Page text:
25th Feb 2024


Cultural issues divide people, social issues unite them

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Some pictures are hard to forget, such as the one which appeared on Twitter in April: a black street sweeper in Paris, wearing a yellow fluorescent vest, sweeping up the rubbish left there the night before by young, petit bourgeois protesters against France's new pension law.

This snapshot shows that the real revolution has not yet broken out in France.

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  • You can mobilise more people with diverse social backgrounds with social protest than with protests over identity issues on gender, race, religion or culture

Among the protesters were indeed many young people, declaring solidarity with the working class. After all, raising the retirement age from 62 to 64 — as the law does — will be particularly hard for labourers, who often start working young and have physically demanding jobs.

This spring, with this in mind, some teenagers briefly occupied their lycées in affluent neighbourhoods in solidarity with the working class affected by this law — with slogans like 'even the banker's kids are against it'. One of them was quoted saying: "We don't want a world where workers are run over, do we?"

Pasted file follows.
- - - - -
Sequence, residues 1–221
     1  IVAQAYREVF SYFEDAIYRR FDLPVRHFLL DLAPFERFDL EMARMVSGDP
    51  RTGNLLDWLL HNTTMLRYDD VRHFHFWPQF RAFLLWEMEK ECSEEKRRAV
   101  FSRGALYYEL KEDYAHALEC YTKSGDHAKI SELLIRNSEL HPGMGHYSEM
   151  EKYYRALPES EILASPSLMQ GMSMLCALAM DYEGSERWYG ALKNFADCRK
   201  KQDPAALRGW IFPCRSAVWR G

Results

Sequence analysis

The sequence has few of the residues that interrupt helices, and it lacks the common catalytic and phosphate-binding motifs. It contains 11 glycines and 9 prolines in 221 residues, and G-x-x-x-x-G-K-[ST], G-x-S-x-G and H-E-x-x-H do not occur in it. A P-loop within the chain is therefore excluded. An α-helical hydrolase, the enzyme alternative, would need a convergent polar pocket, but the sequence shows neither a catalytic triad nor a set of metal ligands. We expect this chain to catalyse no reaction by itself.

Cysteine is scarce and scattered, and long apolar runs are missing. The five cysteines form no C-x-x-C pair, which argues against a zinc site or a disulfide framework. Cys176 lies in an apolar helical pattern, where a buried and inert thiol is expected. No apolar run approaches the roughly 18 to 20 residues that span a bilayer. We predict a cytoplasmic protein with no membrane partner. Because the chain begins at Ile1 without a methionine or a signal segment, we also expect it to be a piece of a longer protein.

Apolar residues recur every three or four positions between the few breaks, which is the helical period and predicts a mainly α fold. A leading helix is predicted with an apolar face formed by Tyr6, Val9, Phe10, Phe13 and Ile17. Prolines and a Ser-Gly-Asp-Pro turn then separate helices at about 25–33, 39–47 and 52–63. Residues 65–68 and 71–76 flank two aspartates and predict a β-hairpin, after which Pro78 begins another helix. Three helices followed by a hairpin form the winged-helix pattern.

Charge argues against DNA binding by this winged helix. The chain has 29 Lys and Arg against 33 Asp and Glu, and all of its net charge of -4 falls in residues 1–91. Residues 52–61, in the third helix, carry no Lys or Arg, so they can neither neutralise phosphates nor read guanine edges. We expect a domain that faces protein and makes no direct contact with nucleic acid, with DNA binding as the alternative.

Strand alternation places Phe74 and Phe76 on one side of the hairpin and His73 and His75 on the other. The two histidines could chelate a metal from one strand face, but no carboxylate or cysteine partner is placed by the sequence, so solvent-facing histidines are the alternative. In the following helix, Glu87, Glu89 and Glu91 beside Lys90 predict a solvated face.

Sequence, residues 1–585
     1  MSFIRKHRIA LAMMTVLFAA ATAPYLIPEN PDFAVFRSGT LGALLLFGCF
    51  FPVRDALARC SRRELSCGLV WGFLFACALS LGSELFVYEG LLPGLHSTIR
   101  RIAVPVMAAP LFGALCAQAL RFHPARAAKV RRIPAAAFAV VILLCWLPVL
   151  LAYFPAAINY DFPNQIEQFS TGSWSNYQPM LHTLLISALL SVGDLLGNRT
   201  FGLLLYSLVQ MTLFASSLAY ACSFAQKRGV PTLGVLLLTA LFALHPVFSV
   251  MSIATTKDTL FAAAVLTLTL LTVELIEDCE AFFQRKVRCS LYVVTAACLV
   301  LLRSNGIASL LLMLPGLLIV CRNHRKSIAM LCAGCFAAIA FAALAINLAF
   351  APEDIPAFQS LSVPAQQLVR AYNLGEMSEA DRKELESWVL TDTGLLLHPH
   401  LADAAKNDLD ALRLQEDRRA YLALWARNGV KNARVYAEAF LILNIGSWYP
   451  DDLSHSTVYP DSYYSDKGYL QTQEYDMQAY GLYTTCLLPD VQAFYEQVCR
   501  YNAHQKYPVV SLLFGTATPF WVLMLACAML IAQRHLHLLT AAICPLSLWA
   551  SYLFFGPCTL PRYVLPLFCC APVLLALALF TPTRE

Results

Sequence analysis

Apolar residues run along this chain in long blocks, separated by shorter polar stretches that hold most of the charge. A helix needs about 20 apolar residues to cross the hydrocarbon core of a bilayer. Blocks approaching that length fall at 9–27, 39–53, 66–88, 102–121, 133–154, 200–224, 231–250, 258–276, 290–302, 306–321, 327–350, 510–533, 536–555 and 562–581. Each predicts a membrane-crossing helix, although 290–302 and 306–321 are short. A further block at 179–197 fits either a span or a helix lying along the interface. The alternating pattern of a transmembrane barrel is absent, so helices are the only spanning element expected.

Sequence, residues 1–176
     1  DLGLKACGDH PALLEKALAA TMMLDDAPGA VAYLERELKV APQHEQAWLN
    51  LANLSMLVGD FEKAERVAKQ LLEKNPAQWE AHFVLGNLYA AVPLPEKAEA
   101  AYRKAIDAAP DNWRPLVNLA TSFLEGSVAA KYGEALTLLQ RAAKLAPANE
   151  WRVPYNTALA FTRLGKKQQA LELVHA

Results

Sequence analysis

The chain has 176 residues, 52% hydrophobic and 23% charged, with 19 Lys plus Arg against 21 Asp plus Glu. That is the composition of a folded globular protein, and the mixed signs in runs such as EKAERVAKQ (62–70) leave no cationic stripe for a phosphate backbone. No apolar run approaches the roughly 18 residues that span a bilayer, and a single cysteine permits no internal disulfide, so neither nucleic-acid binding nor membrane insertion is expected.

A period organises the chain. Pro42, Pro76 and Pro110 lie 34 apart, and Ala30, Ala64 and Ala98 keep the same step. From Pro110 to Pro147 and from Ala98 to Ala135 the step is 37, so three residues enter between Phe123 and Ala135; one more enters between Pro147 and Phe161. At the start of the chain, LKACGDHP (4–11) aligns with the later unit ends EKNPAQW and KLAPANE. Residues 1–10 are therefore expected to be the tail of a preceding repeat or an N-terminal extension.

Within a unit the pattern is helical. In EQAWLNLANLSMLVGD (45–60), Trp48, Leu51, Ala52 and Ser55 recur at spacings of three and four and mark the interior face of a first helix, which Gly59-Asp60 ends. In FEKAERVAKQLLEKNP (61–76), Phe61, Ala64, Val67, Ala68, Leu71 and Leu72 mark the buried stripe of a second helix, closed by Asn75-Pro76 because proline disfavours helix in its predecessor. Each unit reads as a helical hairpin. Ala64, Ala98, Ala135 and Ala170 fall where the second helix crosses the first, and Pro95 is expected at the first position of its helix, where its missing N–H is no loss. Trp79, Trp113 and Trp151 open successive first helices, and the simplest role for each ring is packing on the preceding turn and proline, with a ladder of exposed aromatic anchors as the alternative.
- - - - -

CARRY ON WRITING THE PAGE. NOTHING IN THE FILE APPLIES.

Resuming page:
It is great that the young generation has discovered politics. But as long as politically engaged teenagers, out of social anger, knock over dustbins that the underclass gets to sweep up the next morning, there is still some way to go.

Those demonstrations, however, show that you can mobilise more people with diverse social backgrounds with social protest than with protests over identity issues on gender, race, religion or culture, which dominate the media.

"Since the end of the last century, no demonstration on identity, against immigration, Islam, or wokism, or, conversely, for migrants, Islam, and cancel culture, has mobilised more than a few thousand people," French political scientist Olivier Roy told Le Monde.

"But since 1995, tens of thousands of people do take to the streets to protest against the social crisis," he said.